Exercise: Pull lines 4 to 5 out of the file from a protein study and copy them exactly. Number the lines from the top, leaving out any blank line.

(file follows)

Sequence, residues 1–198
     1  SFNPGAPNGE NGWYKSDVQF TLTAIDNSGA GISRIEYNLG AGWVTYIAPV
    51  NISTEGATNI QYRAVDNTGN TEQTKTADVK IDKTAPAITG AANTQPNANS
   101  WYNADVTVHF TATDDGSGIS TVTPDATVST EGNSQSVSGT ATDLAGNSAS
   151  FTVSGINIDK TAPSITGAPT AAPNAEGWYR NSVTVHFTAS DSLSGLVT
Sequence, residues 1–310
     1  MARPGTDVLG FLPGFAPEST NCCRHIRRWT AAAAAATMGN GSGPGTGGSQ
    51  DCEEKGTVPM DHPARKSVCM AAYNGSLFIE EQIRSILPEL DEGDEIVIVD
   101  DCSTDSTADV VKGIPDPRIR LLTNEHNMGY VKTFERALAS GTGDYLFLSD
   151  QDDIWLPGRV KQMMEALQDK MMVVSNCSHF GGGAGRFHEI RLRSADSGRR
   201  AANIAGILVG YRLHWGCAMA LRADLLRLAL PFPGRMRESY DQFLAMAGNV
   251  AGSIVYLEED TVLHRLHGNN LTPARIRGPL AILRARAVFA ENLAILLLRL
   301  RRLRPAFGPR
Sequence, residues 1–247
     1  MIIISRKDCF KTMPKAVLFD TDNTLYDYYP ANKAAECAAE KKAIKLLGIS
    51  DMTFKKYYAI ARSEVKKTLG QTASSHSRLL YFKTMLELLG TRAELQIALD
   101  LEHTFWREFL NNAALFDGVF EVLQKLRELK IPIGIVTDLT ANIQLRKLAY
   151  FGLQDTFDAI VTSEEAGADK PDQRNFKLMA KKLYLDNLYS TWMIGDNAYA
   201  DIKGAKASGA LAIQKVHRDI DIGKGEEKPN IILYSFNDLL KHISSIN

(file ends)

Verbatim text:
   101  WYNADVTVHF TATDDGSGIS TVTPDATVST EGNSQSVSGT ATDLAGNSAS
   151  FTVSGINIDK TAPSITGAPT AAPNAEGWYR NSVTVHFTAS DSLSGLVT